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Antiviral Res. 2009 Feb;81(2):147-55. doi: 10.1016/j.antiviral.2008.10.008. Epub 2008 Nov 24.

Telbivudine, a nucleoside analog inhibitor of HBV polymerase, has a different in vitro cross-resistance profile than the nucleotide analog inhibitors adefovir and tenofovir.

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1
Idenix Pharmaceuticals Inc., 60 Hampshire Street, Cambridge, MA 02139, USA.

Abstract

Telbivudine, a nucleoside analog inhibitor of the viral polymerase of hepatitis B virus (HBV), has been approved for the treatment of chronic HBV infection, along with the nucleoside inhibitors lamivudine and entecavir, and the nucleotide inhibitors adefovir and tenofovir. The resistance profiles of these agents were investigated via drug treatment of HepG2 cells stably transfected with wild-type or mutant HBV genomes bearing known resistance mutations. Telbivudine was not active against HBV strains bearing lamivudine mutations L180M/M204V/I but remained active against the M204V single mutant in vitro, potentially explaining the difference in resistance profiles between telbivudine and lamivudine. Against HBV genomes with known telbivudine-resistance mutations, M204I and L80I/M204I, telbivudine, lamivudine and entecavir lost 353- to >1000-fold activity whereas adefovir and tenofovir exhibited no more than 3-5-fold change. Conversely, against HBV cell lines expressing adefovir resistance mutations N236T and A181V, or the A194T mutant associated with resistance to tenofovir, telbivudine remained active as shown by respective fold-changes of 0.5 (N236T) and 1.0 (A181V and A194T). These in vitro results indicate that nucleoside and nucleotide drugs have different cross-resistance profiles. The addition of telbivudine to ongoing adefovir therapy could provide effective antiviral therapy to patients who develop adefovir resistance.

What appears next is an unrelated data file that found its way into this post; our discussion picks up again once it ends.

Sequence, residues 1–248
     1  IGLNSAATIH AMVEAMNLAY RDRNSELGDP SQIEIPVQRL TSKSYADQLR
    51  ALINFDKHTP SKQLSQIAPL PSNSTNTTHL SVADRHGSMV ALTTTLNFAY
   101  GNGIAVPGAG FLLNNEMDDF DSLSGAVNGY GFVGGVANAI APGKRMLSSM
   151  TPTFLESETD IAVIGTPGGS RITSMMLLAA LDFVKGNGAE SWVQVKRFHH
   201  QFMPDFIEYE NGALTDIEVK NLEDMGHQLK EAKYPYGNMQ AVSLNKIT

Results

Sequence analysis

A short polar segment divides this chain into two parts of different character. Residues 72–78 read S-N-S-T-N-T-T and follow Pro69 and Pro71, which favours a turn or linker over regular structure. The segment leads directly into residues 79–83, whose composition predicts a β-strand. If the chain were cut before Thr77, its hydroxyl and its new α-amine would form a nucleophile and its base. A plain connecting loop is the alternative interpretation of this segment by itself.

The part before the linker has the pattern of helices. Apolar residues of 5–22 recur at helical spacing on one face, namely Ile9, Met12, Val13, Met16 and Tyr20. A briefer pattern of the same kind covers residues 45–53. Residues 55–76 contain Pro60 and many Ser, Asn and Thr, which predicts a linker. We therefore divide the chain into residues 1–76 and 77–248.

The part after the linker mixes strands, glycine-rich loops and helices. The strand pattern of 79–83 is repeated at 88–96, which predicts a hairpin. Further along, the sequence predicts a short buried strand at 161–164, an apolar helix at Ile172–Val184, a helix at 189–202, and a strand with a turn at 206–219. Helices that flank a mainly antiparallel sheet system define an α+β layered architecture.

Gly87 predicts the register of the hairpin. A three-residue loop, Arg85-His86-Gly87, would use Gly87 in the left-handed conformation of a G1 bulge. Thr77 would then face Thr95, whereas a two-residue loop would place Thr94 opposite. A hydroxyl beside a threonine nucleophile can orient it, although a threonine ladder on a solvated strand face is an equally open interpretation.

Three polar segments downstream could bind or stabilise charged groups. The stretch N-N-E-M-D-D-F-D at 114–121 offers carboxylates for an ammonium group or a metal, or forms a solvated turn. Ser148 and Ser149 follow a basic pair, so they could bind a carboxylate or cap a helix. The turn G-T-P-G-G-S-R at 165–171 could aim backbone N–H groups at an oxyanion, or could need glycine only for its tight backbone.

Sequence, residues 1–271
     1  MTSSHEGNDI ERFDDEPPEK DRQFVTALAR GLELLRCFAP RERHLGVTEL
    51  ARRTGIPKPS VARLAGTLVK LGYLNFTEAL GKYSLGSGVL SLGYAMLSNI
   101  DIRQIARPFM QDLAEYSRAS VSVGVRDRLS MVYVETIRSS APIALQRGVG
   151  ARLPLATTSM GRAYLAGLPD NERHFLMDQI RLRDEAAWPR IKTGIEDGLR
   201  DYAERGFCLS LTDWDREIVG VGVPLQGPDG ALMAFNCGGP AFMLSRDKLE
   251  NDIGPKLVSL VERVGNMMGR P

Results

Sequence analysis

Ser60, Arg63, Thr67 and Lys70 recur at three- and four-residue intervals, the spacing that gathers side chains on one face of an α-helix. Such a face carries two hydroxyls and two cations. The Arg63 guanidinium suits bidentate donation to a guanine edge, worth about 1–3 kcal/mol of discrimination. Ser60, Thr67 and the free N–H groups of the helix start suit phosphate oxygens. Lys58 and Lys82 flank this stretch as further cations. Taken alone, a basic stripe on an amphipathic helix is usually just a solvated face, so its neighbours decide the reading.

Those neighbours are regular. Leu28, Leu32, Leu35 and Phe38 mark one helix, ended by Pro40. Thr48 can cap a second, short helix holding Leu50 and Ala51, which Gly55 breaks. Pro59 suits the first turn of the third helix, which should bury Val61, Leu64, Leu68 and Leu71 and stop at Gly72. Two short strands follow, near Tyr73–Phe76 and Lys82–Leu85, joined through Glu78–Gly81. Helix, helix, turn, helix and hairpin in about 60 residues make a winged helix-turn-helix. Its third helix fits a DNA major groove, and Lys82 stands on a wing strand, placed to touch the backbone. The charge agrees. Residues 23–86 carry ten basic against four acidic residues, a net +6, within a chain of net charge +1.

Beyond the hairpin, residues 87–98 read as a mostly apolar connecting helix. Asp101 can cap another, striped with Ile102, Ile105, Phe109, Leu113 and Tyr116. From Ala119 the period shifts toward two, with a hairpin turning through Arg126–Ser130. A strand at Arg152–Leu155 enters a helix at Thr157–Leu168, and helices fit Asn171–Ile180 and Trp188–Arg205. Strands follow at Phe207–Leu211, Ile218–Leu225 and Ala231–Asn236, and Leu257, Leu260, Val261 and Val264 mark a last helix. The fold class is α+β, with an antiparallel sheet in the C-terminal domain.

PMID:
19028525
DOI:
10.1016/j.antiviral.2008.10.008
[Indexed for MEDLINE]

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